Below is an excerpt from the first draft of the book I’m currently working on. Note that this is only a first draft, the names may be changed to protect the guilty, and it’s a kids book, nothing like “Murder in Wauwatosa.” That book was nonfiction; the new one is fiction all the way, albeit with many incidents based on real events of my childhood and the childhoods of others who may or may not have grown up in Wauwatosa, Wisconsin.
I’m bandying about titles and place names and people names and such. But the story will focus on a slightly awkward boy whose family moves to a new town. There, he encounters a bully, an unlikely friend, a first romance and a haunted house. I shall attempt to negotiate said boy through all his obstacles in one piece and perhaps allow him to mature just a teeny little bit along the way.
Standing a foot or so to my left was a roly, poly boy, a little shorter than I was, with glasses and a shirt with horizontal stripes that looked like they used to be fairly colorful and was about two sizes too small for him. He had a couple books clutched to his chest. And they weren’t school books either. They were books you read for fun.
“He’s actually Clark Ludington the third,” the boy deadpanned. “He’s named for his grandpa and his dad.”
“That make sense, since he’s ‘the third,’” I said, rolling my eyes in a slightly different way than when I rolled them a minute before. This was more like a rolling of the eyes that said “Well, duh! I know that.”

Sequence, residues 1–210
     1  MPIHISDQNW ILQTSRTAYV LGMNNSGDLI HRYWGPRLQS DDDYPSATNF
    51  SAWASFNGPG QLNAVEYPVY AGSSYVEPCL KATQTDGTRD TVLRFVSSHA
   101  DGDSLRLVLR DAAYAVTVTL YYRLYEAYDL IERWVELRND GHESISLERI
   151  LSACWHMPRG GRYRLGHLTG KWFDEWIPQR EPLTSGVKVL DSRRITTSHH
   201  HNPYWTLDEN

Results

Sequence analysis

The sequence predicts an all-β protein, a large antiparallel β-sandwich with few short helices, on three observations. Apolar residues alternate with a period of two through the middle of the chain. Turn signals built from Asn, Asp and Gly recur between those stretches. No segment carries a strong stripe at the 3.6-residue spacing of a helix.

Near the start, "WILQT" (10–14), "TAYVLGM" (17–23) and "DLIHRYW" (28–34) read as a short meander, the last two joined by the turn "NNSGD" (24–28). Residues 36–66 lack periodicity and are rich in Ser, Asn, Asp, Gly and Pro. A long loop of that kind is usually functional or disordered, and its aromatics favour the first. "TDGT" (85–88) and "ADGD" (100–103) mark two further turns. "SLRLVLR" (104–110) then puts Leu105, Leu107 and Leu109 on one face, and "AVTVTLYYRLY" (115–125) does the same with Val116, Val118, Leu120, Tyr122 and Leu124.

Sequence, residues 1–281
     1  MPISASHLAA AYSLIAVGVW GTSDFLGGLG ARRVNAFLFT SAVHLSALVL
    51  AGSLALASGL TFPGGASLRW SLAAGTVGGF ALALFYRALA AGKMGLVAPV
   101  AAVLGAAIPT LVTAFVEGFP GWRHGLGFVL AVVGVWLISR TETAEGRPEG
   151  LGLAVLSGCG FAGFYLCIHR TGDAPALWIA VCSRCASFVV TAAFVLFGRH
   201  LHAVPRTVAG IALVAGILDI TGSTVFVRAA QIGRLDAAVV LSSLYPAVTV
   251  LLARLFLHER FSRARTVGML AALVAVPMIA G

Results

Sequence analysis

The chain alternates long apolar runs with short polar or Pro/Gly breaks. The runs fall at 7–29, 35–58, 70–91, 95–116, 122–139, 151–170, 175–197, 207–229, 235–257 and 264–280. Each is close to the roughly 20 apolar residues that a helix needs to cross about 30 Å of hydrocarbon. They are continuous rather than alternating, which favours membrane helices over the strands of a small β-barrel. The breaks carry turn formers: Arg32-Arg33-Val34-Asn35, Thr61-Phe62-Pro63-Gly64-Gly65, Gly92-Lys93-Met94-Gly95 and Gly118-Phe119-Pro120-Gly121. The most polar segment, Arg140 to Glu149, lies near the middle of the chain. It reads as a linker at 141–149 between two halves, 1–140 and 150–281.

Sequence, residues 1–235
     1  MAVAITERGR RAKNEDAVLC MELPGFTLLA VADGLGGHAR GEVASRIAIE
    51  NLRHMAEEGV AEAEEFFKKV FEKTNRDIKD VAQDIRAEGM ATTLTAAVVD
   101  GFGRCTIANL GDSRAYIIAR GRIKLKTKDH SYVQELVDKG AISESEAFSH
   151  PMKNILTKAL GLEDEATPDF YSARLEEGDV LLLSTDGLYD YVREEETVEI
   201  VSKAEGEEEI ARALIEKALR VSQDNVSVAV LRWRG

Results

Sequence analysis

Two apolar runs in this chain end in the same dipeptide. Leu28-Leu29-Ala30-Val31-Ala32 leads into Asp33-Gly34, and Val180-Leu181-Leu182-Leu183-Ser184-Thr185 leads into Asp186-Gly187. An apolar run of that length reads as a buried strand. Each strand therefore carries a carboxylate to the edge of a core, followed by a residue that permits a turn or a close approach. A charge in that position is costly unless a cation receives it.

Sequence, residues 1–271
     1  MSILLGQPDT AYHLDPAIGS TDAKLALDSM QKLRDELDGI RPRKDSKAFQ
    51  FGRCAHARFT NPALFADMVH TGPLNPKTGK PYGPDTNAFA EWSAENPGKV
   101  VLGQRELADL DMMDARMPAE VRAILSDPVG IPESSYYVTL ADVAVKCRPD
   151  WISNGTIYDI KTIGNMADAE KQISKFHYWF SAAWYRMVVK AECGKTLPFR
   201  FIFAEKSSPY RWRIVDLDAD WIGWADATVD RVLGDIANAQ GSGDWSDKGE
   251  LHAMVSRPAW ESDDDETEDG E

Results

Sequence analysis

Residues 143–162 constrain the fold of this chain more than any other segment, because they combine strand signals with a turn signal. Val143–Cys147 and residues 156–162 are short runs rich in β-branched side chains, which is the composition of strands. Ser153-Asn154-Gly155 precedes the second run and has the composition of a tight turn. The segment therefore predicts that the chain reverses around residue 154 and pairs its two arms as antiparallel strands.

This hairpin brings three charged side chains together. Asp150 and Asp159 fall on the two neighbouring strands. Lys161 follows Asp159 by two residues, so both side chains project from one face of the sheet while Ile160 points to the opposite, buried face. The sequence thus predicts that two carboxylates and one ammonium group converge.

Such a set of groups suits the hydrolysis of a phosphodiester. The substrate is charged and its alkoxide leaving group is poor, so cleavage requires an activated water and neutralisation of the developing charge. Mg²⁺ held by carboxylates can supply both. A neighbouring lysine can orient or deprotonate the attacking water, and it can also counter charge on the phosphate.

“Oh, yeah,” the boy said, forcing out a little “ha ha” afterward.
He took a step back from me and was about to move away, when I stopped him by introducing myself.
“I’m Donnie Hart. I just moved here.”
I figured if this kid knew who that jerk was, and was willing to tell me about him, he might come in handy. I could pump him for information.
The boy’s eyes opened wide. His slightly chubby cheeks all of a sudden were separated by a big smile, teeth full of braces.
“I’m Warren,” he said with more enthusiasm than I’d heard out of anyone in a long time. “People call me ‘Woody,’ because my last name is Underwood.
“We live on 81st Street. Where do you live? Cause if you live near 81st Street, maybe you can come over sometime.”
He kept talking really fast one sentence after another, like he didn’t want me to give him an answer he didn’t want to hear. I just kind of folded my arms and stared at this boy who others called “Woody” and let him ramble.
“My mom and dad are kind of weird and I have a younger brother. But he won’t bother us. I can make him stay in his room when you come over.”
It’s like this was the first time anybody had ever talked to him and he was going to say each and everything he’s had on his mind since he started bottling everything up in kindergarten. “Go for it, dude,” I thought to myself. “I want to see how long this can go on. Maybe you’ll set a world record.”
“Are you in Mr. Hopper’s class? I’m in Mr. Hopper’s class. He’s kind of weird, but OK for a teacher, I guess. He tells really bad jokes.”
I shook my head.
“Your name’s Donnie, huh? I have an uncle named Don. He’s OK. He makes really good steak on the grill. It’s really good. You should try some sometime.”
Woody paused for a second, only a second, as he went into thought. The silence lasted barely a second or two before he muttered, almost to himself, “Actually, Uncle Don lives kind of far away.”
He immediately launched his monologue in a completely different direction.
“I like bubble gum, but I’m not supposed to have any because I have braces. But sometimes I still chew a little bit. You can do it if you’re real careful to chew in little bites and not blow bubbles. Do you like bubble gum?”
So, there you go. Hopefully, that’s not horrible. And if it is, it can be fixed.